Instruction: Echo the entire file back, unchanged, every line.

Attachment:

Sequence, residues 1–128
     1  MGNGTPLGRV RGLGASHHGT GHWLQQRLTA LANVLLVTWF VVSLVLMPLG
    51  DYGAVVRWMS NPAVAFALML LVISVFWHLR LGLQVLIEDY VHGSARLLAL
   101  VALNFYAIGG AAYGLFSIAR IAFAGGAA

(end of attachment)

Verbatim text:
Sequence, residues 1–128
     1  MGNGTPLGRV RGLGASHHGT GHWLQQRLTA LANVLLVTWF VVSLVLMPLG
    51  DYGAVVRWMS NPAVAFALML LVISVFWHLR LGLQVLIEDY VHGSARLLAL
   101  VALNFYAIGG AAYGLFSIAR IAFAGGAA